We have different definitions of the term “fresh start”

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Player A here is back with the same team he was with a year ago. In fact, it’s the same team he’s been with his entire career. He’s not playing for a new manager. He’s not learning a new position. He’s healthier than he was a year ago at this time, but given that he finished last season healthy, that’s hardly news.

Worse, Player A has played exactly two positions in the majors the last two years. Over the winter, his team acquired new starters at both of those positions.

So, tell me, how exactly is Kyle Blanks “getting a fresh start” with the Padres? Because he has new hitting coaches? Really?

The article even concludes with the fact that Blanks will likely open the season in Triple-A as a result of the team’s additions of Yonder Alonso at first base and Carlos Quentin for left field. Blanks also has some experience in right, but given that the Padres are already planning on carrying Jesus Guzman, Mark Kotsay and Chris Denorfia as backup outfield options, there’s no room for him on the bench.

If this constitutes a fresh start, I’d pass. What Blanks needs, considering that his long-term future is almost certainly at first base or DH, is an actual new start away from San Diego. The 25-year-old has power to spare and still might prove to be a long-term regular, but it’s not likely to happen with the Padres.

Marlins, Giants get into heated beanball war

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You may have heard that Giants closer Hunter Strickland broke his hand punching a door in frustration after Monday night’s subpar performance. He’ll miss six to eight weeks as a result. Strickland came in to protect a 4-2 lead but ended up giving up three runs. The tying run was knocked in by Lewis Brinson on a single to right field. Brinson moved to third base on a go-ahead single by Miguel Rojas, which prompted manager Bruce Bochy to take Strickland out of the game.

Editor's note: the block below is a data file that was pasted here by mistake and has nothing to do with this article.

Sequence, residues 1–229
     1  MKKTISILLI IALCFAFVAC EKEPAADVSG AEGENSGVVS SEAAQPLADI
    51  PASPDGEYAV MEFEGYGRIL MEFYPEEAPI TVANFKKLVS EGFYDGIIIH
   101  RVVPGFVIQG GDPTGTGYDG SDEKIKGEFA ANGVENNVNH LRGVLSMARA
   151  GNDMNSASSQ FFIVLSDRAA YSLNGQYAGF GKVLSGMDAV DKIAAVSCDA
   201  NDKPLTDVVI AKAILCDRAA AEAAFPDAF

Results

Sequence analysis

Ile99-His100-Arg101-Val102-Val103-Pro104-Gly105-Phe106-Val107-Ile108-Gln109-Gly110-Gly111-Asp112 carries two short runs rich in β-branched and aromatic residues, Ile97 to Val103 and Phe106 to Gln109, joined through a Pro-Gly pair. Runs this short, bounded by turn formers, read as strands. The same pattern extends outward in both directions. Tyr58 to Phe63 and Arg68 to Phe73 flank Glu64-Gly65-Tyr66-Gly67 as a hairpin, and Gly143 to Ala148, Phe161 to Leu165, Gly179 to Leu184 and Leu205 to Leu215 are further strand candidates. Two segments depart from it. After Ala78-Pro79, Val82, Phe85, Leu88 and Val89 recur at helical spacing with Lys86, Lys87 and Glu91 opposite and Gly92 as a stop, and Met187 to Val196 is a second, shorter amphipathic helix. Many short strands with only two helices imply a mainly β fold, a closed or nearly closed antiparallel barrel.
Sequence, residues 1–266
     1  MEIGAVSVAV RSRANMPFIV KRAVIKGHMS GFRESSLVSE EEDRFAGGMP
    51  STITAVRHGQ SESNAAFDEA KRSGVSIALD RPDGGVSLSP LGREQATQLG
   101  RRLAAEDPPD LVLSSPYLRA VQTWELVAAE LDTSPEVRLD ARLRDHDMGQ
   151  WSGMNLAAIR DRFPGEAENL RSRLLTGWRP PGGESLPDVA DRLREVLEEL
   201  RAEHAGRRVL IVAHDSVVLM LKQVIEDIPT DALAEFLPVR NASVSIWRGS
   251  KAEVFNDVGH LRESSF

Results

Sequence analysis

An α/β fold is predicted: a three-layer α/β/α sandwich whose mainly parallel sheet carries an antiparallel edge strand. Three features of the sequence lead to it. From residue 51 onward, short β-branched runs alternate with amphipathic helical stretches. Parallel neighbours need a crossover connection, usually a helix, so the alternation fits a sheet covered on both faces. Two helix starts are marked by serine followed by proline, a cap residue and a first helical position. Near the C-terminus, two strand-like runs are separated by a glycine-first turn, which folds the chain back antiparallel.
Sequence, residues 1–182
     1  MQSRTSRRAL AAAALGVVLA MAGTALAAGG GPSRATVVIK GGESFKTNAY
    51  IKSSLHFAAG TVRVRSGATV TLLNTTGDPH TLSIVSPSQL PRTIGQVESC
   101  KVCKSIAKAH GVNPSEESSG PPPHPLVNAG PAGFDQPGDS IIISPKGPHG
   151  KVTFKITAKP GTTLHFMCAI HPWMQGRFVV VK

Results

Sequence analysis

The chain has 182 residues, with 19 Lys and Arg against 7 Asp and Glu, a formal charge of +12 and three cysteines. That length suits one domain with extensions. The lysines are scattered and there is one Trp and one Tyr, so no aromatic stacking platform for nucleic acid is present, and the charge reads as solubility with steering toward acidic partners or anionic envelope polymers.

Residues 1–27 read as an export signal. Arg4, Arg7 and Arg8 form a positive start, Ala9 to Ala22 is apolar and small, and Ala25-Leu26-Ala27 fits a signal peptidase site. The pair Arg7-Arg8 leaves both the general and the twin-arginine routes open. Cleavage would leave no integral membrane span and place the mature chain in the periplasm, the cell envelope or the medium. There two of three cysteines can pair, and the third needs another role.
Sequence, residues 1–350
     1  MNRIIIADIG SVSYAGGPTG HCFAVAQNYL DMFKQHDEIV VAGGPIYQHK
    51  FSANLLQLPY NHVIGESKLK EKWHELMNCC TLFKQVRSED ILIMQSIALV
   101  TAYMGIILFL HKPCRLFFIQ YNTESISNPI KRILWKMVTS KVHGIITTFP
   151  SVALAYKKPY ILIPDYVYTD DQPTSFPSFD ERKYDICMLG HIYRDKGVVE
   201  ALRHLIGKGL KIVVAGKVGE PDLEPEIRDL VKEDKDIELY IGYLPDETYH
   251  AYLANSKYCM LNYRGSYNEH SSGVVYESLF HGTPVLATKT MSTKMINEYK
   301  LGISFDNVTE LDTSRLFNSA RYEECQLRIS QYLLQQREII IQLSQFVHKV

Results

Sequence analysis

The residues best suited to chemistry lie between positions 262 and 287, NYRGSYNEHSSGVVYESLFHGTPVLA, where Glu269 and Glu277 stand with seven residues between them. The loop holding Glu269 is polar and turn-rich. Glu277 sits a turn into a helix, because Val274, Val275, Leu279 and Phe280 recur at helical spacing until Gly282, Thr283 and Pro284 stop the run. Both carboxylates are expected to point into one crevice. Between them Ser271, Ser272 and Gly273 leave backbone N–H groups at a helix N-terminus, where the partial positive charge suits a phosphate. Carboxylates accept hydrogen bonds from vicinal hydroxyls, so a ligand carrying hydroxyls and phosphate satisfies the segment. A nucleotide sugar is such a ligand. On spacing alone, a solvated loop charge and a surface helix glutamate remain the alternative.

On his way to the dugout, Strickland started chirping at Brinson. Much like Bryce Harper and Strickland, Brinson and Strickland have a bit of a history. Last Thursday, Brinson handed Strickland a blown save with a sacrifice fly to deep center field. Brinson was happy to help his team tie the game, pumping his fast and saying, “Let’s go” at no one in particular. That rubbed Strickland the wrong way. Everything seems to rub Strickland the wrong way.

During Tuesday night’s game, Giants starter Dereck Rodriguez threw at Brinson with the first pitch, a 92 MPH fastball. Home plate umpire Andy Fletcher issued warnings to both benches. Manager Don Mattingly came out to argue, suggesting that his team hadn’t done anything wrong so it was unfair to essentially take the inside part of the plate away from his pitchers. On his way back to the dugout, Mattingly could be seen saying, “You’re next” to catcher Buster Posey.

The Giants scored twice in the bottom of the second against Dan Straily to extend their lead to 3-0. Posey came to the plate with a runner on first base and one out. Straily hit Posey with a 91 MPH fastball on the first pitch, prompting ejections of both Straily and Mattingly. Posey was hit on the arm. If the pitch had come in a bit lower and hit Posey on the wrist or hand, Posey might have had to go on the disabled list for a couple months. Or if the pitch had hit Posey a couple of inches higher, in the head, then who knows what would have happened.

Things calmed down from there, thankfully. The two clubs have one more game against each other in San Francisco on Wednesday and that will be the final time they meet this season. If anything further is going to happen — and hopefully, nothing happens — then it will come tomorrow.

Straily will almost certainly be facing a suspension and a fine, as will Mattingly. It’s less clear if Rodriguez and/or Bochy will be reprimanded for throwing at Brinson, even though it was fairly obvious the pitch was intentional. Regardless, the punishments amount to just one missed start for the pitchers, which isn’t nearly enough of a detriment to deter beanball wars.